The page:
by WorldTribune Staff, December 14, 2020
After the forensic examination of 16 Dominion Voting Systems machines in Michigan’s Antrim County, Allied Security Operations Group concluded that the Dominion machines were assigned a 68.05 percent error rate.
Constitutional attorney Matthew DePerno, who filed the lawsuit which led to the examination, said that when ballots are put through the machine, a 68.05 percent error rate means that 68.05 percent of the ballots are sent for bulk adjudication, which means they collect the ballots in a folder.
“The ballots are sent somewhere where people in another location can change the vote,” DePerno said, Gateway Pundit reported.
Related: Unreported: How a pro-Trump county in Michigan could reverse 2020 election outcome, December 13, 2020
The most important part of the report is that “this was not done by a couple of interns, as some people have suggested. This is a systematic program designed to generate errors that affect the outcome of the election,” DePerno said, adding that the Dominion machines were “meticulously crafted to do exactly what it did.”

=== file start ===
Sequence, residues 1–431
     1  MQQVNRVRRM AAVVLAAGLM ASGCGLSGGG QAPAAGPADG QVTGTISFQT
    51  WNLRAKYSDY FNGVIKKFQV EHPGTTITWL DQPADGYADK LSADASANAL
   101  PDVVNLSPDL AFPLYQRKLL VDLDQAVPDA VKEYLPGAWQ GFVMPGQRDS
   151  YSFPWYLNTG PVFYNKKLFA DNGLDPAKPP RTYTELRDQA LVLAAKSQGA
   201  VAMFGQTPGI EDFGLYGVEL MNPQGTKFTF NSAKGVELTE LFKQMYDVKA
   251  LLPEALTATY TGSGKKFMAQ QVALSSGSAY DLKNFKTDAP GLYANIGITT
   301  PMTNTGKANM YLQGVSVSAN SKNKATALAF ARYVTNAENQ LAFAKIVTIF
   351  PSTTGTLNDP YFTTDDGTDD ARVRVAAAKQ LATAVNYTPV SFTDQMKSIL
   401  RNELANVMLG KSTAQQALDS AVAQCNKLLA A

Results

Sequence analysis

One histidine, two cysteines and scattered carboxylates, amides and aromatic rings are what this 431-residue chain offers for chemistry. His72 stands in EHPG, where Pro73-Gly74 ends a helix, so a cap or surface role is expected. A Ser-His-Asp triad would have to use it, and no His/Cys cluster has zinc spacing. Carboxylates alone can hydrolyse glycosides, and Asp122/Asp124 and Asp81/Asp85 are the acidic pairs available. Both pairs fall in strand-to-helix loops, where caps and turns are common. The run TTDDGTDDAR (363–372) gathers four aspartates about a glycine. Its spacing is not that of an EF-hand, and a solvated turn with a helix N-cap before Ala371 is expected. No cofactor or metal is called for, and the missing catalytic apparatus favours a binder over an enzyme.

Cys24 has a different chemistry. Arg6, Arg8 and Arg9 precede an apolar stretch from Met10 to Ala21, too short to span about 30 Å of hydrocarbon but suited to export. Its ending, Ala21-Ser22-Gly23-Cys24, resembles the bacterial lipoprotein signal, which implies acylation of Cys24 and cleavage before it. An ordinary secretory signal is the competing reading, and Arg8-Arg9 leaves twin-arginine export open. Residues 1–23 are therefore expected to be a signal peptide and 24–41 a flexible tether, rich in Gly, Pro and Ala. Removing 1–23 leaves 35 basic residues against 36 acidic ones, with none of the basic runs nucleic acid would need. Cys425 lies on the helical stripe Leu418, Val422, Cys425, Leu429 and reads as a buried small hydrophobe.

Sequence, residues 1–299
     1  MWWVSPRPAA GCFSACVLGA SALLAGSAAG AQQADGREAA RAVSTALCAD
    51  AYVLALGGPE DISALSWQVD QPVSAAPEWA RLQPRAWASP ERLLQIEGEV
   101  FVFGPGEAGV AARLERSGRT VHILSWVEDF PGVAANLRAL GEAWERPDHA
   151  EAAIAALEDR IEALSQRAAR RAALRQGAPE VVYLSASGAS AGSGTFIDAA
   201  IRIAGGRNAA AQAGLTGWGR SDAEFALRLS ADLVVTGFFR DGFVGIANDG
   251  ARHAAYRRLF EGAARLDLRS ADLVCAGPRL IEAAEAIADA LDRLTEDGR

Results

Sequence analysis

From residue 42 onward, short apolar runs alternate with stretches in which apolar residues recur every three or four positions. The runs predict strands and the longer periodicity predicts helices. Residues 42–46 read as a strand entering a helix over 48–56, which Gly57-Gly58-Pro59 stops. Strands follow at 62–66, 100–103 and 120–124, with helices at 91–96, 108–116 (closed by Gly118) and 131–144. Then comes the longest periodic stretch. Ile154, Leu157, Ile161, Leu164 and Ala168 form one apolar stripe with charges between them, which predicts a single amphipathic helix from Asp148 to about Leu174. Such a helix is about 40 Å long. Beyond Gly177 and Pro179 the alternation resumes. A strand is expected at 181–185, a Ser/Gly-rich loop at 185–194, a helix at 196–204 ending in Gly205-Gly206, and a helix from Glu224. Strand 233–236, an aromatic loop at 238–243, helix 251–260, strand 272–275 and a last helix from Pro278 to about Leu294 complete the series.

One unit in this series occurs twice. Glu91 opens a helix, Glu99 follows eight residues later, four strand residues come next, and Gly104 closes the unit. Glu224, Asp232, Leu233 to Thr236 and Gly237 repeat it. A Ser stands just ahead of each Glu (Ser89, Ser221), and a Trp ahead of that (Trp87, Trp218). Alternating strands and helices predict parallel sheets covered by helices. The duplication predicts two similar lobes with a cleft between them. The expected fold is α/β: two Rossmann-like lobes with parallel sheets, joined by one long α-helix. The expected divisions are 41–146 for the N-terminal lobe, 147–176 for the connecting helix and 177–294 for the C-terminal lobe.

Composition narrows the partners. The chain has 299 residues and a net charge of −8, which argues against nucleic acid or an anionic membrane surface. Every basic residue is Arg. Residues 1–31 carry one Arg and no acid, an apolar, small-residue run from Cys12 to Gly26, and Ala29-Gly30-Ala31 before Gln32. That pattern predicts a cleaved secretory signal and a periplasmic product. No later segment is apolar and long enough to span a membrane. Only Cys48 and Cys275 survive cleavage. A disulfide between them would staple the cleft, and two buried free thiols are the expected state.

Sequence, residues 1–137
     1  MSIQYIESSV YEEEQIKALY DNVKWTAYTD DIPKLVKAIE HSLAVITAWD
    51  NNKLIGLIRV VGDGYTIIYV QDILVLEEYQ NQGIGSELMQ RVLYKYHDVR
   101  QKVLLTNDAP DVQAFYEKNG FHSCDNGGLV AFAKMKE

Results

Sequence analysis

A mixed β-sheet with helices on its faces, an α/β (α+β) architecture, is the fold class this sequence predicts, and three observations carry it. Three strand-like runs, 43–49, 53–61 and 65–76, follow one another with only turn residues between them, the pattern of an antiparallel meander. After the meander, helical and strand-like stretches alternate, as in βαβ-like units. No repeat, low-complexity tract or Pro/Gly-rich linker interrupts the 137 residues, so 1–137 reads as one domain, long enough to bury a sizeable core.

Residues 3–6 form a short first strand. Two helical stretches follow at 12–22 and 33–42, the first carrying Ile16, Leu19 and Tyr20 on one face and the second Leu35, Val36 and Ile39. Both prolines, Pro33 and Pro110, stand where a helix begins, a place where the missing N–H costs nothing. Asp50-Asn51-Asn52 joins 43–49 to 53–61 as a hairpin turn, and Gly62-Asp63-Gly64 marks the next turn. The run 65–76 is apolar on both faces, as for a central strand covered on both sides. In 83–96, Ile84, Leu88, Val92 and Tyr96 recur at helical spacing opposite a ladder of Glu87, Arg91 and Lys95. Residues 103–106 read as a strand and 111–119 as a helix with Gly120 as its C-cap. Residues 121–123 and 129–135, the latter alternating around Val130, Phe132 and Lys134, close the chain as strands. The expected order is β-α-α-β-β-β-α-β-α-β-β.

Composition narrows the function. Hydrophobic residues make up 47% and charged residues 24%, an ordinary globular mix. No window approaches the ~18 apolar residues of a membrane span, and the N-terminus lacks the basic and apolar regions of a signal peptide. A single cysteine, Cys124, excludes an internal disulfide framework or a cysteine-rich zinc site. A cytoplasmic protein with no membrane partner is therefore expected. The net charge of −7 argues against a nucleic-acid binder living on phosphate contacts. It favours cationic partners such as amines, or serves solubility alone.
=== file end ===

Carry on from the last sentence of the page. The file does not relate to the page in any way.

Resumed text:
DePerno said he believes “It was either a major software company, or it was a foreign entity that was behind this. There are other forces behind this. This violates all cybersecurity protocols. It doesn’t matter who you vote for. No one can be confident that with a 68.05 percent error rate that your ballot was not mass adjudicated.”
Based on the Allied Security Operations report, DePerno stated: “We conclude that the Dominion Voting Systems should not be used in Michigan. We further conclude that the results of Antrim County should not have been certified.”
During an emergency hearing in the 13th Circuit Court on Monday, Judge Kevin A. Elsenheimer granted permission to DePerno to release the findings of the forensic examination of 16 Dominion Voting machines in Antrim County.
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